Leaders Helping Others Cope with Time Pressures

The work of leaders changes as our social reality and economy changes. Time, of course, is always one of the most basic constraints on productive action. However, the felt effects of time pressures can vary a great deal based upon how threatening we perceive them to be. Time-bound demands can, up to a point, excite adaptive reactions – e.g., an intensified focus of cognitive and emotional energies. But as feelings of threat escalate, stress, strain, and fatigue can deplete us and impair our intelligent-productive capacities.[1]      

The Social-Economic Context

Starting in the 90’s we saw the popular literature in management and literature promote the positive, energizing effects of continuous and even disruptive change. It was time to cast off the staid structures of thought and procedural action so characteristic of slow-to-evolve bureaucracies. More than rational adaptation, it was an impassioned movement ignited by technology and an expansive spirit of optimism in an era of prosperity. It was cool, chic. Publications like Fast Company anchored their brand in it.     

Alas, bubbles burst, periods of budget surplus and prosperity give way to downturns, austerity and fears of survival – recall 2008. This changed reality chastened the risk-taker in us. It’s induced sober attitudes, and norms of prudential scrutiny that live on as manifested in flatter organizations. Thus, a new era and truism has taken hold. It is a flatter world[2] today. Both customers and competitors are closer. There are fewer barriers to entering markets, and seismic crises like 2008 can occur more easily.   

The pervasive assumption that we must “do more with less” creates create greater risk of acute stress, strain, exhaustion, and burnout. Therefore, leaders must identify how they can help mitigate the effects of time pressures on others, first among those within the organization, but also those whom we depend on who are external, i.e., customers, suppliers, strategic partners, and other stakeholders. Sounds good, but what does that involve? What does that leadership look like?    

Recent research[3] suggest that a transformational approach to leadership works best. Transformational leaders build capacity. Their actions affect underlying levels of self-efficacy (“I can influence outcomes”) in those they lead. Others learn to recognize and understand how stress operates. They learn to notice it as it arises and to intervene before it become debilitating. Moreover, this discipline of self-care and self-management becomes recognized as an important resource for us individually and as groups and teams.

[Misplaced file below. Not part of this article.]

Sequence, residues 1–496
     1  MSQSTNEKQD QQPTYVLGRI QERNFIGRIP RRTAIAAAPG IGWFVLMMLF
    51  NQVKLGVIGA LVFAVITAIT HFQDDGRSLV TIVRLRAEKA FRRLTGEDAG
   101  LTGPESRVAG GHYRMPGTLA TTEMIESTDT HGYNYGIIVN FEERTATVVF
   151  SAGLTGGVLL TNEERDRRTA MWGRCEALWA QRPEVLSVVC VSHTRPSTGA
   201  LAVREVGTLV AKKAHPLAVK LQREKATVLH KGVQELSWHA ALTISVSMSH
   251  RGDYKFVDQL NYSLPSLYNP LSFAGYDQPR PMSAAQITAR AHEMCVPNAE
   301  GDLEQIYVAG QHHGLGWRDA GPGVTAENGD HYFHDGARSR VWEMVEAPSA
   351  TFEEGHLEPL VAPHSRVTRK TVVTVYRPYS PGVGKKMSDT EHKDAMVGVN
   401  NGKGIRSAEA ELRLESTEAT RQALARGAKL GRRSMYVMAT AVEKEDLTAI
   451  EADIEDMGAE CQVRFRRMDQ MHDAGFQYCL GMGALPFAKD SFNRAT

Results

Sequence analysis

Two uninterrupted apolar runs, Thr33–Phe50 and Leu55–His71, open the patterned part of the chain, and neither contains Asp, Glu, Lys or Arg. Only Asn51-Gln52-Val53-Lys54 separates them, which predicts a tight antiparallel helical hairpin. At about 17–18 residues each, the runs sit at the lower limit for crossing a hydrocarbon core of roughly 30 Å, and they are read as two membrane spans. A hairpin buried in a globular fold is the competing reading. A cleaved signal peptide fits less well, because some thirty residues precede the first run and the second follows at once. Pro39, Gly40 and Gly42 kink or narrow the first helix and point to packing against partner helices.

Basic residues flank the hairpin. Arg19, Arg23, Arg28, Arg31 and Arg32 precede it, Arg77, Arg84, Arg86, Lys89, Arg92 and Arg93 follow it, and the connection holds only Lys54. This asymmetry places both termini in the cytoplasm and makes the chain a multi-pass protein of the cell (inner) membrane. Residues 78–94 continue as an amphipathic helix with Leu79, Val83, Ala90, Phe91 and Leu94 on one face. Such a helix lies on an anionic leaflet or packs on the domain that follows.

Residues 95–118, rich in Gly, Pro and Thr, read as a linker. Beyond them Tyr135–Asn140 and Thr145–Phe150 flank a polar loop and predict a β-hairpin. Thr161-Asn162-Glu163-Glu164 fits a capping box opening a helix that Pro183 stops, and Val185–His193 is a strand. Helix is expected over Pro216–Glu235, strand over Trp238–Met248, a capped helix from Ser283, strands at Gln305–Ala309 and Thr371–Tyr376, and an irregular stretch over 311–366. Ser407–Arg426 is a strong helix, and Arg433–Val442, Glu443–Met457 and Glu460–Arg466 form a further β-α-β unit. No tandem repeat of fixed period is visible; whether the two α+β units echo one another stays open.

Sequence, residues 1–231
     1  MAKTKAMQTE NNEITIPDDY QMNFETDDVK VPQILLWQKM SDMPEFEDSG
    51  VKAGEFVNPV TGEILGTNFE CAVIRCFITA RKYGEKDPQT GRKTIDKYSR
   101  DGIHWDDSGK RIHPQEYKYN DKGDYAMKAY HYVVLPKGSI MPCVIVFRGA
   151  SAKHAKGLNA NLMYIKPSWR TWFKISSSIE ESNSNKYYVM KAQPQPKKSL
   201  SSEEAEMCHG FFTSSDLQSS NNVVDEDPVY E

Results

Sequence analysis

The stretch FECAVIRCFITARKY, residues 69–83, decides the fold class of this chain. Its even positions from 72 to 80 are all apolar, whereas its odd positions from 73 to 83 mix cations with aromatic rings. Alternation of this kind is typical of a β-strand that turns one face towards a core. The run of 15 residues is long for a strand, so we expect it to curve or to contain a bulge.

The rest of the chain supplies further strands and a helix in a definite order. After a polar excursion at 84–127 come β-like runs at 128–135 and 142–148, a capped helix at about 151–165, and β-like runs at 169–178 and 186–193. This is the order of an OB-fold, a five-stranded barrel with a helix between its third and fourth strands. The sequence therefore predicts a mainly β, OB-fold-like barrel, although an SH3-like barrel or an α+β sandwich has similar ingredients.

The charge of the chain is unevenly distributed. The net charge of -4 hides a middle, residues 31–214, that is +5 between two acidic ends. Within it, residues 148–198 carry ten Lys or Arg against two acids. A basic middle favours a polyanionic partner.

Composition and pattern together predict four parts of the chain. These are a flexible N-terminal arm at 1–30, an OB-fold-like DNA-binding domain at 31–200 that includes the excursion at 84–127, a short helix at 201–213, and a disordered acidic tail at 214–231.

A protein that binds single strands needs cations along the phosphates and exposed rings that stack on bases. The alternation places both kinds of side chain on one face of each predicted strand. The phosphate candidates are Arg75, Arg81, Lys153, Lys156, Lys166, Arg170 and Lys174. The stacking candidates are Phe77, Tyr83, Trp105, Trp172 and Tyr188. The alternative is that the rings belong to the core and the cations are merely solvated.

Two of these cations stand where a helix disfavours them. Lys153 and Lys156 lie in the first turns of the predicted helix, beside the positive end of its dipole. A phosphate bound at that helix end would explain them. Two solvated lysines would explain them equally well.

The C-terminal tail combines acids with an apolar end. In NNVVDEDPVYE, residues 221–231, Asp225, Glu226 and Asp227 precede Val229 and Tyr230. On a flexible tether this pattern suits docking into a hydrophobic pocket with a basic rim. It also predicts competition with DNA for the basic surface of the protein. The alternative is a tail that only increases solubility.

What the specific things transformational leaders do? Here are four basic things they do differently. All manifest in a conversational style of interaction.    

Relationship.  They establish a developmental relationship[4]: a) They express confidence in others; b) stay actively engaged in their development over time, c) provide timely new challenges; d) and offer constructive feedback to stimulate learning.      

Inspiration.  They communicate belief and hope[5] in what can be and help others see how they are a part of the whole. They model an attitude of confidence: “We can do it, we can get there.” They also model resilience to bounce back in the face of setbacks.       

Reframing. They help others reframe stressful situations[6] when they are feeling overwhelmed. They transform them into problems to be solved, which can down-regulate the feelings of anxiety and fear that constrict our capacities to cope.   

Reinforcement.  They recognize progress and gains in capability along the way. This review helps other see the change they’ve made. It reinforces self-efficacy and a belief that most situations are amenable to change through their actions.

I invite you to consider these four aspects of your own leadership. Where are the opportunities for you to be more helpful to those you lead and those with whom you collaborate, especially in moments when stress runs high?


[1] For more on how time pressures and others sources of challenge affect learning, development, and performance, see a related article of mine that addresses this in more detail, Leader Identity Development

[2] This was featured in Thomas Friedman’s The World is Flat (2005), a world in which everything affects everything more immediately and with much greater impact, as was the case with the financial crisis of 2008.

[3] See, for example, an excellent study reported by Christine J. Syrek, Ella Apostel, and Conny H. Antoni in Occupational Health Psychology (2013).

[4] The relationship is the crucible within which deep learning and development occur.

[5] This builds an emotional bond to a cause that they share and won’t quit on easily.

[6] This isn’t empty exhortation, it is perspective taking that breaks through self-limiting assumptions and beliefs.